Clara was a very happy person by nature. We went out to all the fun places. She told me about her boyfriend from back home who was in the Anny. Her father had worked in the copper mines in Montana and was killed by an explosion when she was small. Her mother had raised Clara and her sister, which was very hard. I had the impression that Clara had been a bit wild in high school, because she smoked, and her life style was so different than mine had been in high school.

After listening to her talk about her boyfriend, and seeing her write letters to him, I decided to keep a promise I had made to myself. That was to contact George Springer, so I wrote to him in Pennsylvania. I had no idea of what had happened to him, but I still remembered him from the short time I had spent in high school in Pennsylvania.

My job started after two weeks of leisure. I was very excited and looking forward to paychecks by that time.


Treasury Building in Washington, DC where Annabelle worked in 1942


My job at the Treasury Department went very well. There were so many girls like me. All working for the War effort. My duties at first were just typing records of War Bond pledges. There were several girls in a typing pool. Dorothy Kimmel was a close friend at the office. She lived with her parents in Washington, D.C.

She and I were both promoted to typing large statistical charts about 16" x 20". The figures represented War Bonds sold to U.S. citizens from all over the country. Since there were so many of us, we were rightly called "Government Girls."

The mornings in Washington were so lovely. Most of the time, I walked to work through several parks, and past the White House. During the War, we were not permitted to enter that beautiful building. Marine guards were always on duty at the front gate.

When the temperature reached 98 degrees, we were sent home from work, because there was no air conditioning. We ate lots of salt pills which were in a dispenser in the halls. Now we know they are not good for us.

On one such day, I was walking near the Carlton Hotel, and I noticed a crowd gathering. Natural curiosity pulled me to the crowd. Before I knew it, I was near the ropes at the front of the hotel. Many well-known movie stars were there for promoting the War Bond effort. Hedy Lamarr, Mickey Rooney, Dinah Shore and Ralph Bellamy were all standing at the entrance to the hotel. Ralph Bellamy was so handsome and had the bluest eyes I had ever seen. On the screen, he had never appealed to me before that day.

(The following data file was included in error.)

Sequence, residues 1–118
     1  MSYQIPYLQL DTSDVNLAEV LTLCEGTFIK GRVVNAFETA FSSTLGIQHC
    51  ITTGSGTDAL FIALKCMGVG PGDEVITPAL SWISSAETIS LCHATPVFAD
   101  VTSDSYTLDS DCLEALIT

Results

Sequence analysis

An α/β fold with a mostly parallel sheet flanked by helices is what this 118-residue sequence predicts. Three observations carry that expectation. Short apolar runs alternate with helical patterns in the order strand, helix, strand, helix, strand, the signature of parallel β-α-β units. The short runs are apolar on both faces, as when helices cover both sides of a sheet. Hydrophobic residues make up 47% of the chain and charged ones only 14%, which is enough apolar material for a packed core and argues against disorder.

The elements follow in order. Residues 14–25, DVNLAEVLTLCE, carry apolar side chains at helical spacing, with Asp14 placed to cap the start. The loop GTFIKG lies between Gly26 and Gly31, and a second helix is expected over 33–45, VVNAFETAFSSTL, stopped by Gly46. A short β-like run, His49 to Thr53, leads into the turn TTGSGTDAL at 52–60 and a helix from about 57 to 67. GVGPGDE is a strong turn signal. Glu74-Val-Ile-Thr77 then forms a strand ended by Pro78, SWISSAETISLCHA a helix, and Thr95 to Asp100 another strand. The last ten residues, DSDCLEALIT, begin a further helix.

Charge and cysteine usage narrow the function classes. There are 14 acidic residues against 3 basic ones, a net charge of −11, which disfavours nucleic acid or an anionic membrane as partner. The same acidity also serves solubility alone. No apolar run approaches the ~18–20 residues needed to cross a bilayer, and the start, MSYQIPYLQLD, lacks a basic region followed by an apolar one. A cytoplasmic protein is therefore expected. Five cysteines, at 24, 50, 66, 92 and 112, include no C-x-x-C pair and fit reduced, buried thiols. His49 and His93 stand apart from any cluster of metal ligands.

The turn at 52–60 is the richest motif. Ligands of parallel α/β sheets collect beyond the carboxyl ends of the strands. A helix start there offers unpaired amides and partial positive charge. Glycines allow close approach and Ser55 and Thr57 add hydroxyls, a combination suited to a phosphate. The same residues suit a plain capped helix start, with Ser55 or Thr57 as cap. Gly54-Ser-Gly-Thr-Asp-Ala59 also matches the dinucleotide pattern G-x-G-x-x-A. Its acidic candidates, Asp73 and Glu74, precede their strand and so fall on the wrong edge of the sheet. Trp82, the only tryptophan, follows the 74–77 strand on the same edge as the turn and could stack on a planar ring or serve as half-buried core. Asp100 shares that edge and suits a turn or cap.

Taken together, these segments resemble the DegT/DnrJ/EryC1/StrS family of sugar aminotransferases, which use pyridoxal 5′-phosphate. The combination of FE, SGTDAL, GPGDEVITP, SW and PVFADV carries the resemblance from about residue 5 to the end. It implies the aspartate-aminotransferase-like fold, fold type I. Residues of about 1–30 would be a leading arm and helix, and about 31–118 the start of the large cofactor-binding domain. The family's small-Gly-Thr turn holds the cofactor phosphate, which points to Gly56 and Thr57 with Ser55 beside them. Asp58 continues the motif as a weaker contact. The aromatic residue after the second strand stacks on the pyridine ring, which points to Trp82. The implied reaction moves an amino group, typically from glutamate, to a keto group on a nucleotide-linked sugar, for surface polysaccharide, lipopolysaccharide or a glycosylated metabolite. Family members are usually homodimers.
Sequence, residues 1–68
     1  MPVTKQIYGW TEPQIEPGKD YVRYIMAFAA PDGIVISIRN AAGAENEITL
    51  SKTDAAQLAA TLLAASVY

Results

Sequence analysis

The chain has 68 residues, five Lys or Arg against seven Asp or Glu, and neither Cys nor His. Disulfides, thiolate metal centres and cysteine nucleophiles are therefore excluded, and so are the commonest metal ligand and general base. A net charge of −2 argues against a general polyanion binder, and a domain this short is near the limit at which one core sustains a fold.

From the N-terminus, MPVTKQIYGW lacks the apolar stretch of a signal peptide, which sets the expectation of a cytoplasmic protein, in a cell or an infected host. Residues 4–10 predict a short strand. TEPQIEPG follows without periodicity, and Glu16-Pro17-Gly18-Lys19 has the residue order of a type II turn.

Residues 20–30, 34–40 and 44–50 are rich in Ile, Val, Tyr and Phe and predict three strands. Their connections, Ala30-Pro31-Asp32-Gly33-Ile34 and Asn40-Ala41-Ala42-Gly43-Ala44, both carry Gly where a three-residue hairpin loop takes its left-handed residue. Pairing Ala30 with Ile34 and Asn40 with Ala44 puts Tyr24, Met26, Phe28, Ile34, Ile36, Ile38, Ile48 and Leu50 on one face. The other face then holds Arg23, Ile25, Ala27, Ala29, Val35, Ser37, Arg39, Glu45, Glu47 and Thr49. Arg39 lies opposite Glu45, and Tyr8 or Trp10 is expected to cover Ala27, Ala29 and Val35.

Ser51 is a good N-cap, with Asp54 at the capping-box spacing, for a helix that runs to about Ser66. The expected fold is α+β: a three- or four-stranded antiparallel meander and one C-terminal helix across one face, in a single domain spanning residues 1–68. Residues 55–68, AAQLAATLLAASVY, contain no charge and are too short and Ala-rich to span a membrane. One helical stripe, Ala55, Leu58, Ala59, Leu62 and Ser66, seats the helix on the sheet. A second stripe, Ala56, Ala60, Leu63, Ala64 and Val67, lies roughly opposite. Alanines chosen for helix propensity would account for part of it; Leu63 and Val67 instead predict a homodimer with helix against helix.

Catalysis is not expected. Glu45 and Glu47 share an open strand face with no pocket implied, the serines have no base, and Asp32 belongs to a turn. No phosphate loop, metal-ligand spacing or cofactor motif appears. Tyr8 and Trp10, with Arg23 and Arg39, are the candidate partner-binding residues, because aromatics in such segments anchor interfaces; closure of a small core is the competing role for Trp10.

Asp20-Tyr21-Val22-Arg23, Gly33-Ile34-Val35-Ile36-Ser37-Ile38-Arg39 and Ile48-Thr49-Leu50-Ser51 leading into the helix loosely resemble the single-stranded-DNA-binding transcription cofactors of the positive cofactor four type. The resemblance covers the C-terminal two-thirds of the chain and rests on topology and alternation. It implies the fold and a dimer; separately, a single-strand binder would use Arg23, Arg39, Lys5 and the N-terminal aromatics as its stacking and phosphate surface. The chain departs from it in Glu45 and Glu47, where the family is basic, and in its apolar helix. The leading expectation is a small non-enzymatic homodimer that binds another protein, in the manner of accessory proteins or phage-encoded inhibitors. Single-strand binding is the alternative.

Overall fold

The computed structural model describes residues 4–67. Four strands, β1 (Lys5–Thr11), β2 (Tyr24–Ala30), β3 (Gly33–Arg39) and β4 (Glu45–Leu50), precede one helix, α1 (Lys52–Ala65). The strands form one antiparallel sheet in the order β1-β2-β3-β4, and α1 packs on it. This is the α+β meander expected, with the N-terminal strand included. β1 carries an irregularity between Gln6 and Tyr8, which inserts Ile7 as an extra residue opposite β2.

Another time, it was my good luck to see President Roosevelt in his limousine drive right past me, when I stood at a comer waiting to cross the street. The traffic had been stopped in all directions. The top of the car was down and he was sitting in the back seat talking with another gentleman.

There was another lady at the office by the name of Pearl Stovall, who was older than Dorothy and I. She was married to a Navy Captain. She took Dorothy and me under her wing like a mother hen.

In our free time, Dorothy and I talked about boys, our budget and clothes. We always planned what we would wear the next day. We alternated between dress up and casual. On dress-up days we wore dresses and heels, (many times black dresses). We thought they were sexy. On the casual days, we wore dirndl skirts and peasant blouses with hirachie shoes. On the casual days, we took our sack lunches and ran over to the Washington Monument. We climbed to the top and viewed the city while eating. Other times, we went down to the bank of the Patomic River. One pay day, she and I went to Lerners store and bought fur coats alike. We put them on lay-away. We were so proud when they were paid in full and we could take the coats home.

Those were glorious free days. I dated many different fellows, but the memory of some is more vivid than others.

On dates, we saw all the historical places, danced in all the many clubs. The movies were so great. During the intermissions, there were stage shows with all the "Big Bands". I saw Tommy Dorsey, when he had Helen O'Connell sing "Green Eyes," Jimmey Dorsey, and Xavier Cugat were a few.